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Storytellers Charlie Thom (pictured here) and Clarence Hostler, visual artists Debora Iyall, Brian Tripp, I Made Moja, and Tim Lee Smith, folklorist Deborah Bruce and puppeteers and designers of ShadowLight Productions–directed by ShadowLight Productions‘ artistic director Larry Reed—created two shadow plays for family audiences based on California Native American stories.

The content and partnerships for this piece changed after the grant was awarded. Originally proposed and funded as “Sutter’s Gold,” the Sesquicentennial work was going to explore social conflicts set in motion by the California Gold Rush. Richard Marriott was to compose and conduct an original score. However, as they began exploring the state’s story, members of ShadowLight Productions felt the need to step back and examine California prior to European occupation.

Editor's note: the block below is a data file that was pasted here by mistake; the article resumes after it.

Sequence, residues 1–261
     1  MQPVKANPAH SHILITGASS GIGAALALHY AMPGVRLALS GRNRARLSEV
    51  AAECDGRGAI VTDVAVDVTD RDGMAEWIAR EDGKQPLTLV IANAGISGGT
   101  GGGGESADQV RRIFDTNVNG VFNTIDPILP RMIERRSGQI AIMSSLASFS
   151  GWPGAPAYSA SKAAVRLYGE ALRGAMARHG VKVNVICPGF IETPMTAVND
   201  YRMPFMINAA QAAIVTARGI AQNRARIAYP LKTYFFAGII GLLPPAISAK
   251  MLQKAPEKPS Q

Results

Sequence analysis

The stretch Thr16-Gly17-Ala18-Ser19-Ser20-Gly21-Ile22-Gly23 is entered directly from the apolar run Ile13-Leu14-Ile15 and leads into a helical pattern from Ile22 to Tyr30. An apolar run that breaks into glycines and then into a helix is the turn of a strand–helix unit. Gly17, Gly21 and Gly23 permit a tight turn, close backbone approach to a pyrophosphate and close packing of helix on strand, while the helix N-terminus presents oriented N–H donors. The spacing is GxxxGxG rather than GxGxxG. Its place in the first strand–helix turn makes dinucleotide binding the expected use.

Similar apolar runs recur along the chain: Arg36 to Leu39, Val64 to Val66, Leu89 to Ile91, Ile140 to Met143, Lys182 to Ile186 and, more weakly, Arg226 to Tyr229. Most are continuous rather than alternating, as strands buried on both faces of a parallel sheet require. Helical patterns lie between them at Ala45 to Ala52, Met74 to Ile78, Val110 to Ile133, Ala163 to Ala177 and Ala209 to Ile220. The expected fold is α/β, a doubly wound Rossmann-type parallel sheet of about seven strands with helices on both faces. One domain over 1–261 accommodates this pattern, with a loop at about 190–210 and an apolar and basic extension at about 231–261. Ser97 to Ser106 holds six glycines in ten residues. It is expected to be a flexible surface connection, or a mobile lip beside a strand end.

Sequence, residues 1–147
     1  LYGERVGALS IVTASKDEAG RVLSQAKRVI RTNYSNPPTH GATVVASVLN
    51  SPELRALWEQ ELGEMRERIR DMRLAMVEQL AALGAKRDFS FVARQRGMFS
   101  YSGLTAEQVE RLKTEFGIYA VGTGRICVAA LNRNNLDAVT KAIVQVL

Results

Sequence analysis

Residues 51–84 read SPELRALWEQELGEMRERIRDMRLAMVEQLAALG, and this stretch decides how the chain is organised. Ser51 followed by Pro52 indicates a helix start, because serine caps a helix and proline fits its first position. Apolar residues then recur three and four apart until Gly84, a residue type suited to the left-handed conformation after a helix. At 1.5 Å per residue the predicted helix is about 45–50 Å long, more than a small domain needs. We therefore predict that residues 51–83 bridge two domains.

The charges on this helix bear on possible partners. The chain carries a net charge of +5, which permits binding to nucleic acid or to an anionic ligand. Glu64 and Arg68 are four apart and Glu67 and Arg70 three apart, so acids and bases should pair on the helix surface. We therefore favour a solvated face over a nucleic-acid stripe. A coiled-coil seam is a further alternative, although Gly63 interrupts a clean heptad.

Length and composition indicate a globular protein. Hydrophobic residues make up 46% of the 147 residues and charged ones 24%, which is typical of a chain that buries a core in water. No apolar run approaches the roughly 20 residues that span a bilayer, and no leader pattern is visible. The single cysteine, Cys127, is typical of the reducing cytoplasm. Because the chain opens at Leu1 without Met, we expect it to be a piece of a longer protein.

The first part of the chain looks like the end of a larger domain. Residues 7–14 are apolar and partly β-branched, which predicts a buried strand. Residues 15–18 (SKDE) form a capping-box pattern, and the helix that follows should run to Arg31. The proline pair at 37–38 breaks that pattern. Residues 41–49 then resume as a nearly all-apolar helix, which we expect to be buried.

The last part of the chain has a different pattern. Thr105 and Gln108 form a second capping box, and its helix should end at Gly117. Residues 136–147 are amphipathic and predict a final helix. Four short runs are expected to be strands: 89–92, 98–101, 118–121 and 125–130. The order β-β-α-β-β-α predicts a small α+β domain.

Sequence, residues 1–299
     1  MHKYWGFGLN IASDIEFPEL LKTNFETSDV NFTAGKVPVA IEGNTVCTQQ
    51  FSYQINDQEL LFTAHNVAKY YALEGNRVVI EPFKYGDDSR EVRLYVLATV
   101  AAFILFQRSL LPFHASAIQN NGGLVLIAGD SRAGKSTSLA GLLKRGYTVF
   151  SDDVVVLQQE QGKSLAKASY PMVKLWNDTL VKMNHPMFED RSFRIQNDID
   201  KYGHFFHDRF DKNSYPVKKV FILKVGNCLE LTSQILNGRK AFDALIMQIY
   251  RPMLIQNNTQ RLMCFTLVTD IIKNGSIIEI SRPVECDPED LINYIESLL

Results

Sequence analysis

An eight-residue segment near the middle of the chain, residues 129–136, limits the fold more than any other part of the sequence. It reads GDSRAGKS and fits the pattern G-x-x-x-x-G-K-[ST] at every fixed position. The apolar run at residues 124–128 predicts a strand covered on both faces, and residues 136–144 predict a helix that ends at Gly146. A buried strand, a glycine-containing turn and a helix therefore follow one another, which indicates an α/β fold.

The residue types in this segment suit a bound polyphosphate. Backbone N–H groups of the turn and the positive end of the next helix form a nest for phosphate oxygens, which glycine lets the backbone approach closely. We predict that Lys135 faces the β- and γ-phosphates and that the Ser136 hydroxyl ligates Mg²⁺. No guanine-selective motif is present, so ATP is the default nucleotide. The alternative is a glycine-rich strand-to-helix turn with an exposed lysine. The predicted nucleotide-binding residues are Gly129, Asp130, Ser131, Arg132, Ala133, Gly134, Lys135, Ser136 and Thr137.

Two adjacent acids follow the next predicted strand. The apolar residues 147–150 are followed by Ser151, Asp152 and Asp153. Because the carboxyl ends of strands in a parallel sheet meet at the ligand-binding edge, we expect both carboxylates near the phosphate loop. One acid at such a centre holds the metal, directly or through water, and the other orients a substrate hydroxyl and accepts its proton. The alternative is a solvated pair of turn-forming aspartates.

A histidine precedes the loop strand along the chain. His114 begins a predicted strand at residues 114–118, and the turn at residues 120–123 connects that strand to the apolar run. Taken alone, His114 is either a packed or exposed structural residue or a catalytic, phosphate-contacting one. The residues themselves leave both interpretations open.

The production began with a Hupa story that had been passed down to Clarence Hostler by his grandmother.  “Skatsaree” describes a man’s spiritual quest and the lessons the world offers him about responsibility and balance.  The second piece, “The Salmon Sisters” was based on a Karuk story contributed by visual artist and musician Brian Tripp and narrated by Karuk elder Charlie Red Hawk Thom. The production featured Balinese shadow theater accompanied by live music and actors.

Artistic director Larry Reed founded Shadow Play Theater Company in 1972, and ShadowLight Productions was incorporated as a nonprofit in early 1995. The company is an ensemble of creative artists from diverse cultural backgrounds who explore the theatrical use of shadows. Richard Marriott studied with Pauline Oliveros, Dominick Argento, Ali Akbar Kahn, and Masayuki Koga; designed synthesizers with Serge Tchrepnin; and recorded with The Residents before forming San Francisco’s Club Foot Orchestra in 1983 as a vehicle for his compositions.